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1.
Int J Public Health ; 68: 1605839, 2023.
Article in English | MEDLINE | ID: covidwho-20241630

ABSTRACT

Objectives: To provide a thorough assessment of the impact of the COVID-19 pandemic on the utilization of inpatient and outpatient mental healthcare in Switzerland. Methods: Retrospective cohort study using nationwide hospital data (n > 8 million) and claims data from a large Swiss health insurer (n > 1 million) in 2018-2020. Incidence proportions of different types of psychiatric inpatient admissions, psychiatric consultations, and psychotropic medication claims were analyzed using interrupted time series models for the general population and for the vulnerable subgroup of young people. Results: Inpatient psychiatric admissions in the general population decreased by 16.2% (95% confidence interval: -19.2% to -13.2%) during the first and by 3.9% (-6.7% to -0.2%) during the second pandemic shutdown, whereas outpatient mental healthcare utilization was not substantially affected. We observed distinct patterns for young people, most strikingly, an increase in mental healthcare utilization among females aged <20 years. Conclusion: Mental healthcare provision for the majority of the population was largely maintained, but special attention should be paid to young people. Our findings highlight the importance of monitoring mental healthcare utilization among different populations.


Subject(s)
COVID-19 , Mental Health Services , Humans , Female , Adolescent , Retrospective Studies , Switzerland/epidemiology , COVID-19/epidemiology , Pandemics
2.
Int J Environ Res Public Health ; 20(11)2023 May 31.
Article in English | MEDLINE | ID: covidwho-20240590

ABSTRACT

The COVID-19 pandemic has further aggravated the burden of mental health and presents an opportunity for public health research to focus on evidence-based interventions appropriate for populations residing in resource-constrained, post-conflict settings. Post-conflict settings have a higher service gap in mental health and fewer protective factors, such as economic and domestic security. Post-conflict settings are defined as locations where open warfare has ended but resulting challenges have remained for years. A strong emphasis on the engagement of diverse stakeholders is needed to arrive at sustainable and scalable solutions to mental health service delivery. This review discusses mental health service delivery gaps in post-conflict settings, highlights the urgency of the matter in the context of the COVID-19 pandemic, and provides recommendations for service gaps from evidence-based case study exemplars with an implementation science lens using the Consolidated Framework for Implementation Research (CFIR) as guide to improving adaptation and uptake.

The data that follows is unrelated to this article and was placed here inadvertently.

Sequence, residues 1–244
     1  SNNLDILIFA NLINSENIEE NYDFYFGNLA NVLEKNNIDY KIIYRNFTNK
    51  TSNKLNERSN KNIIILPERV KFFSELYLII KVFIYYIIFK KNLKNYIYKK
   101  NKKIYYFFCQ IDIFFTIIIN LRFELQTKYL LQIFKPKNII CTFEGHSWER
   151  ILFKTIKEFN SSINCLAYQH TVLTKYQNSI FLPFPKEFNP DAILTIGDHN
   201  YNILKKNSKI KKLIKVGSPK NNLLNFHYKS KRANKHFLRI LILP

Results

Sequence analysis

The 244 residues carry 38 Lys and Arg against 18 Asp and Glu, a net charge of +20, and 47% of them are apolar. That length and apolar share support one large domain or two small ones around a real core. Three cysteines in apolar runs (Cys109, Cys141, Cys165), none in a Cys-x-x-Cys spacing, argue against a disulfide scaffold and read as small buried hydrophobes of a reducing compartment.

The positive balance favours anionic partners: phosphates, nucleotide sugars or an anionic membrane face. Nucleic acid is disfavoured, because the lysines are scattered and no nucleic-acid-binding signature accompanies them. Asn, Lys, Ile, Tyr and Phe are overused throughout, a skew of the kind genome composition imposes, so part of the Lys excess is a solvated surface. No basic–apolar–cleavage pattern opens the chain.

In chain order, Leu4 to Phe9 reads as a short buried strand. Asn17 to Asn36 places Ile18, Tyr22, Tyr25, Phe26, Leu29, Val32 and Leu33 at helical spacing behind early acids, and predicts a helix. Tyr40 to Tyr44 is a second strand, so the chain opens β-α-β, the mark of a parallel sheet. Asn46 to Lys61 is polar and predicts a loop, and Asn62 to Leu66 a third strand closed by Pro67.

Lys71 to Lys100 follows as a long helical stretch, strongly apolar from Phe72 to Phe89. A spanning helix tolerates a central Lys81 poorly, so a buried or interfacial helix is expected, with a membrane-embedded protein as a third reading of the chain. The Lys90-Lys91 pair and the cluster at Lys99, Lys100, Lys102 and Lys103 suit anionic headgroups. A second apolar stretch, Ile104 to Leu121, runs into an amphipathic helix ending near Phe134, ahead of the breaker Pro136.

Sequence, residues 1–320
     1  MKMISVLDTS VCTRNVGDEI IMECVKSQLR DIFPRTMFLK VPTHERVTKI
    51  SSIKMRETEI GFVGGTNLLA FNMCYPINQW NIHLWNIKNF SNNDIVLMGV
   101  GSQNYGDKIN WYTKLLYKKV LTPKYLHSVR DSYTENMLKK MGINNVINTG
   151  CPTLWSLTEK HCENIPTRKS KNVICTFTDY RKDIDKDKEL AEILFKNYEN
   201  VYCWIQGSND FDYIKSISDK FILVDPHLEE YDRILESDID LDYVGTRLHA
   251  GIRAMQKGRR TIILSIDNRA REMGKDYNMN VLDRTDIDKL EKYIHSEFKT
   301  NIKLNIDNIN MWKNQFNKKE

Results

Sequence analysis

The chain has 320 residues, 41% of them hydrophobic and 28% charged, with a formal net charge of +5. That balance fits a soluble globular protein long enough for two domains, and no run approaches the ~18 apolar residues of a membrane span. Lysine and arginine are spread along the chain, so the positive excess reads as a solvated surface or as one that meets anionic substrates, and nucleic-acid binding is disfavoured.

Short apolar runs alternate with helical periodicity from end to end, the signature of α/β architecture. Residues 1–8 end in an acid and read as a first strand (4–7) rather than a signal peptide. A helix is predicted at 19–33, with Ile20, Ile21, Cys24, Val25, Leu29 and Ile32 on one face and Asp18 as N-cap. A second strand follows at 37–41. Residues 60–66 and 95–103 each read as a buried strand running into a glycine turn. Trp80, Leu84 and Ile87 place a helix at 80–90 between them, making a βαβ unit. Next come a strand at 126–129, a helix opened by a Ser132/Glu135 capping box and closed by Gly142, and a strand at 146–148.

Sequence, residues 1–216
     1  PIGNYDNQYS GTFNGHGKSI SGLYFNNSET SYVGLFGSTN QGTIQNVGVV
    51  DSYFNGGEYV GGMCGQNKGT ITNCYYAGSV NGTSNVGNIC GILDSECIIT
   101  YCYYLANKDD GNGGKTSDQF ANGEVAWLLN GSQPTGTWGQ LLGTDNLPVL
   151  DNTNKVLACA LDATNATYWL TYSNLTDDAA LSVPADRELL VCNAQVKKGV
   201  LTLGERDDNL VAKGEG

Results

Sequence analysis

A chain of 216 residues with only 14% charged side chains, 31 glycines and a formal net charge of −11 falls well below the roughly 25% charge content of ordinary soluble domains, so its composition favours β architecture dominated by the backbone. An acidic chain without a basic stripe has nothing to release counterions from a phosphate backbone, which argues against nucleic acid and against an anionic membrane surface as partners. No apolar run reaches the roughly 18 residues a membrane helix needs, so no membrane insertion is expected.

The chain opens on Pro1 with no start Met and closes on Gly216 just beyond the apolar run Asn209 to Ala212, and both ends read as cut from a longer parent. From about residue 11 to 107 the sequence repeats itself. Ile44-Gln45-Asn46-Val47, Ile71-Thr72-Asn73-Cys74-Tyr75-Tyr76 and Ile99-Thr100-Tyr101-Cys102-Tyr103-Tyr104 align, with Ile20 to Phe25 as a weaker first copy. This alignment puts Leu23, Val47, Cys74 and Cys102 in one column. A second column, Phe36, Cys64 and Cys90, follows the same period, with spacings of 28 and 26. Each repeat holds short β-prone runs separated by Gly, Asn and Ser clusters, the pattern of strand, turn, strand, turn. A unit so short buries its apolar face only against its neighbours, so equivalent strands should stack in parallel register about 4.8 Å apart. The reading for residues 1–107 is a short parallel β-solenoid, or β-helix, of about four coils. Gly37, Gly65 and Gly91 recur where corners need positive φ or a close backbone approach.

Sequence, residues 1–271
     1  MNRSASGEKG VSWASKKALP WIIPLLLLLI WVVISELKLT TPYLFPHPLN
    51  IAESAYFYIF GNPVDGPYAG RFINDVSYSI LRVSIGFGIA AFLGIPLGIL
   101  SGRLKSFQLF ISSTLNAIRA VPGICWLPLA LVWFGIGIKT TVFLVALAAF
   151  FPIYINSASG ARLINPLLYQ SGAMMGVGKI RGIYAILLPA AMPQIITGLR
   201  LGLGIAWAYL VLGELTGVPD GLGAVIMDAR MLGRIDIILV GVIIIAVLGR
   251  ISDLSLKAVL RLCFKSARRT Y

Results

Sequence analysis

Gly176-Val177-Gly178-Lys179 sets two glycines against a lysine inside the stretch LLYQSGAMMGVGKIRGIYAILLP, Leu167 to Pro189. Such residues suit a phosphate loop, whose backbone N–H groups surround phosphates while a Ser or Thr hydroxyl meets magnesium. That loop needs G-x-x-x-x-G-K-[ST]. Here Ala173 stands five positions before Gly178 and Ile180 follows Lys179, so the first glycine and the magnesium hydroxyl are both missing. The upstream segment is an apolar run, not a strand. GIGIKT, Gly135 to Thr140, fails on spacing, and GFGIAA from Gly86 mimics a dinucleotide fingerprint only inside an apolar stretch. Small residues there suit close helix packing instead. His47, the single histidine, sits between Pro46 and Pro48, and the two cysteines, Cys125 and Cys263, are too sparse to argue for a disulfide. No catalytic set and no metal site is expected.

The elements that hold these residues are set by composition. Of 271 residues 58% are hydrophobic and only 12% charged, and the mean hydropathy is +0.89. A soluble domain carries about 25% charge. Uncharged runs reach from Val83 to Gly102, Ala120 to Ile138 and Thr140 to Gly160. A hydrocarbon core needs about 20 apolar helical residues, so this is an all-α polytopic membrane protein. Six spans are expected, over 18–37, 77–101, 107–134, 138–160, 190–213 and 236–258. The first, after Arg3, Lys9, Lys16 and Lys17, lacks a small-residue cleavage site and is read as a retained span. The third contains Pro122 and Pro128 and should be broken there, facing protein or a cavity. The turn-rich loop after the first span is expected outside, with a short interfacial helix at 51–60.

Subject(s)
COVID-19 , Mental Health Services , Humans , Mental Health , Implementation Science , COVID-19/epidemiology , Pandemics
3.
Int J Environ Res Public Health ; 20(10)2023 05 19.
Article in English | MEDLINE | ID: covidwho-20237188

ABSTRACT

A tele-mental health model called Head to Health was implemented in the state of Victoria, Australia to address the crisis caused by the COVID-19 pandemic. It was a free centralized intake service that adopted a targeted approach with several novel elements, such as stepped care and telehealth. This study examines the views and experiences of clinicians and service users of the tele-mental health service in the Gippsland region of Victoria during the COVID-19 pandemic. Data from clinicians were obtained via an online 10-item open-ended survey instrument and from service users through semi-structured interviews. Data were obtained from 66 participants, including 47 clinician surveys and 19 service user interviews. Six categories emerged from the data. They were: 'Conditions where use of tele-mental health is appropriate', 'Conditions where tele-mental health may not be useful', 'Advantages of tele-mental health', 'Challenges in using tele-mental health', 'Client outcomes with tele-mental health', and 'Recommendations for future use'. This is one of a few studies where clinicians' and service users' views and experiences have been explored together to provide a nuanced understanding of perspectives on the efficacy of tele-mental health when it was implemented alongside public mental health services.